The rise of mental health issues during the pandemic is an issue for both employers and employees to work together on to find ways to address concerns. While mental health has become an issue for employees working at home, is it also important for the employer to recognise during business travel and deployments, as we found out during our latest SheTravel webinar ‘Travel safety and mental health: Travel during and post the global pandemic’. The webinar discussed how stress and anxiety can have an impact upon decision-making and vulnerability to external threats, at home and abroad, in unfamiliar environments.
Stress can have an impact on physical, emotional and psychological well-being and this in turn can lead to behavioural changes, as explained by expert speaker Charlotte Copeland, Managing Director of SafeHaven Trauma Centre. Charlotte examined how strategies can be implemented to improve resistance (longer term changes to routine) and resilience (short-term stress management strategies) to stress. Given the travel landscape is currently in a state of persistent flux, it is likely that travel may cause anxiety amongst even the most well-seasoned travellers.
“Given the travel landscape is currently in a state of persistent flux, it is likely that travel may cause anxiety amongst even the most well-seasoned travellers.”
As an organisation, there are several steps that can be implemented to look after an employees’ welfare, both at home and when travelling. Claire Bull, Director of Better Bodies UK, discussed various steps companies can take to build a positive mental health culture: developing a mental health action plan and policy, providing mental health training across the organisation, introducing networks, initiatives and activities involving mental health and communicating these across the organisation, implementing return to work schemes and allowing flexible hours to name a few.
Impact on women travelling
Pre-pandemic, during our female traveller safety workshops women have shared their experiences of security-related incidents that occurred during their travel, varying from sexual harassment, intimidation, serious assault and drink spiking. In general, security concerns for female travellers range from sexual discrimination, verbal and/or physical harassment, local crimes and scams, and limited access to women’s health facilities, medications and hygiene products.
During this health pandemic, has the risk landscape changed for women and solo female travellers?
During our latest SheTravel webinar, Caroline Neil, Managing Director of RPS Partnership, an experienced security consultant and trainer, discussed her first travel experience post-lockdown. After five months with very limited travel, Caroline described her apprehension towards travel, fear of the unknown and disquiet around proximity, amongst other new concerns she observed during her trip. As Caroline explained, the normal risks remain, but for some travellers there may be added concerns, especially when travelling solo. These concerns may arise from changing travel restrictions stranding you in a foreign country alone, to feeling increasingly vulnerable as usually busy places are now quiet and deserted. Furthermore, due to the increased frequency of civil unrest in a number of places globally, female travellers may feel more vulnerable or may be perceived vulnerable when travelling solo due to the sporadic and volatile nature of tensions currently.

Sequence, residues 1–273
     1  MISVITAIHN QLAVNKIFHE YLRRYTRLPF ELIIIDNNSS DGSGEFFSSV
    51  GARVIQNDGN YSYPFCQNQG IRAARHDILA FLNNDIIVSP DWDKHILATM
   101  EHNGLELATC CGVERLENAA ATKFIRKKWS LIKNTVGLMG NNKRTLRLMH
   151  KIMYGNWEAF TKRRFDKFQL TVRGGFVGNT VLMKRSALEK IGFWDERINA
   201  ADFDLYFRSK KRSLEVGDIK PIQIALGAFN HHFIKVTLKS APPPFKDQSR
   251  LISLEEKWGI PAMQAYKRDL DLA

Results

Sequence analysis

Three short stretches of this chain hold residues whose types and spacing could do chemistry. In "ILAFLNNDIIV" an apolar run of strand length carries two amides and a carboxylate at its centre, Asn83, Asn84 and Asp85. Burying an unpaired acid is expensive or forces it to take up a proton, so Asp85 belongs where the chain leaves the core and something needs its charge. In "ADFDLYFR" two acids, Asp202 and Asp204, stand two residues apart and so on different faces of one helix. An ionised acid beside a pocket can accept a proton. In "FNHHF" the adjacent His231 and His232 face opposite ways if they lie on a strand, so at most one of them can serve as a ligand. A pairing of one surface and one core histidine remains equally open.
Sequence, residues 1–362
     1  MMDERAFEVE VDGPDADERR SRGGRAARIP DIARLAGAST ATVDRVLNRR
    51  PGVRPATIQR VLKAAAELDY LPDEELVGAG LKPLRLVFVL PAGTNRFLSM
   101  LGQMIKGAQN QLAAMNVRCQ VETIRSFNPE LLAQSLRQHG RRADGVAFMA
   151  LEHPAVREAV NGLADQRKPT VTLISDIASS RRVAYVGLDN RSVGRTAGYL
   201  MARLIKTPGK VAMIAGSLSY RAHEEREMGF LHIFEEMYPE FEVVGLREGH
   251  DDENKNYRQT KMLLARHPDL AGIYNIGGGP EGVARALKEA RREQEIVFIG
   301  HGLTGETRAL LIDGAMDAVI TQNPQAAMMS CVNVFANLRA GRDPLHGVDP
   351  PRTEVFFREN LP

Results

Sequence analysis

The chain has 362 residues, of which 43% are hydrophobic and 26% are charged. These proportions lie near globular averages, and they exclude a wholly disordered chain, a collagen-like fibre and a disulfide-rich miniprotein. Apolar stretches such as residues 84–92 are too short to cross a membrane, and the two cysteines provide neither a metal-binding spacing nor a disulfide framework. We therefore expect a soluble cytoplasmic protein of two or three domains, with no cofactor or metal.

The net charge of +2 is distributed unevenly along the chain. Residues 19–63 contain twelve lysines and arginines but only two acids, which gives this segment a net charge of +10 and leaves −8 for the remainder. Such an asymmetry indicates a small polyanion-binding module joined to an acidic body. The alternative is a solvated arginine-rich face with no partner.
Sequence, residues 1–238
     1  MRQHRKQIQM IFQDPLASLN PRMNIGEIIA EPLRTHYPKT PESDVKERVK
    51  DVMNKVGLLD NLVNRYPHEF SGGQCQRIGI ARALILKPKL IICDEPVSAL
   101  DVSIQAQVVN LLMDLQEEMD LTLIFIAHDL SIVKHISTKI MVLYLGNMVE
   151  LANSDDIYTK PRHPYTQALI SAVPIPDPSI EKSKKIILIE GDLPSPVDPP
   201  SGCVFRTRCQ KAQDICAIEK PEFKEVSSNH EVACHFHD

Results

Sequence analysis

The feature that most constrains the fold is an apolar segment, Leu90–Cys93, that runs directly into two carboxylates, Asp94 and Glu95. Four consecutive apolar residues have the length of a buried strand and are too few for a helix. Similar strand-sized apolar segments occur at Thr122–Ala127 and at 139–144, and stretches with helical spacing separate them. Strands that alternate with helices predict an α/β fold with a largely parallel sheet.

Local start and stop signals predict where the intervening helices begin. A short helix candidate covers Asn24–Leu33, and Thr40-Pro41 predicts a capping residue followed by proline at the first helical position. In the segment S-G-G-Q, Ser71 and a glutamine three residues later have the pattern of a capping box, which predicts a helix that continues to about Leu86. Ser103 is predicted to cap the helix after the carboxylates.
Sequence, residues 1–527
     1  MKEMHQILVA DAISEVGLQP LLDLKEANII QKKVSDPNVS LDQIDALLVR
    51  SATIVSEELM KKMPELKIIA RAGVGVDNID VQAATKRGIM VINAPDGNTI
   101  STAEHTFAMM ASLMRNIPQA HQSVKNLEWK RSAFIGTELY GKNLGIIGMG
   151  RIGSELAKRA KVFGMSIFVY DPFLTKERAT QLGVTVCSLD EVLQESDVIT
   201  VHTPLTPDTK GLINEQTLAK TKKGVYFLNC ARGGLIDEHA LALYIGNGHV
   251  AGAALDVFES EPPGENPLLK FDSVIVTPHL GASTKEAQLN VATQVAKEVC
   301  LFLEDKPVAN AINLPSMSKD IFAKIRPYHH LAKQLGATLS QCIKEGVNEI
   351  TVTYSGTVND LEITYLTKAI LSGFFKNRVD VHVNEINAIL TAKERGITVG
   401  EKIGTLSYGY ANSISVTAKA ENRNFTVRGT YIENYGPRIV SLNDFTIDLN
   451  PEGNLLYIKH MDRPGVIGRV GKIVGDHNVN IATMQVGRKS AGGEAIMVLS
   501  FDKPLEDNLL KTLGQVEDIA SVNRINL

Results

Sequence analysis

Caroline also compared her travel experience with other speakers’ and colleagues – for some airports were empty and most venues closed, while for others flights were busier and there had been aggression and more tension on the aircraft, sometimes concerning face-masks. Face coverings were another discussion point – Caroline highlighted that it is difficult to read facial expressions (a critical source of non-verbal communication) and understand people’s intentions when they are wearing a mask.
From engaging with our members and listening to other women who travel, some have highlighted they are more comfortable waiting until next year when travel restrictions will hopefully be eased allowing them to feel safer again, preferring ‘stay-cation’ options until then. Other women are already travelling and keen to embark on longer trips as soon as they are able to again.
As we move to the latter part of 2020, we are yet to know if the changes to the travel landscape will be permanent, and if the great volumes of women travelling solo as in years before, will return. It is also important to understand that shadow pandemics have the power to shape the destinations and societies we live in and visit, and reverse some of the important steps towards equality already taken.
Female traveller safety considerations
Some tips for female travellers:
- Be extra prepared in your planning.
- Try to book flights landing earlier in the day to make sure you do not arrive late at night at the destination country. Bear in mind that some countries have COVID-19 curfews.
- Try to be last on and first off the aircraft.
- If parking at the airport, consider where you are parking and whether there will be anyone around when you leave and return.
- Stay around people at transport hubs.
- Use reputable pre-booked taxi services; submit your enquiries about their safety protocols before departure.
- Hotels may not be busy, therefore ensure your room is not located in an isolated and empty part of the building.
- Bring enough female products and medication for the duration of the trip. Bear in mind, there may not be opportunities for last minute purchases at the airport and any specific medicine may be difficult to get hold of in the destination country.
- If you are travelling whilst pregnant, ensure that the destination has appropriate medical care available should there be any issues.
- Stay in touch with your trusted contact/employer or arrange a daily check-in call.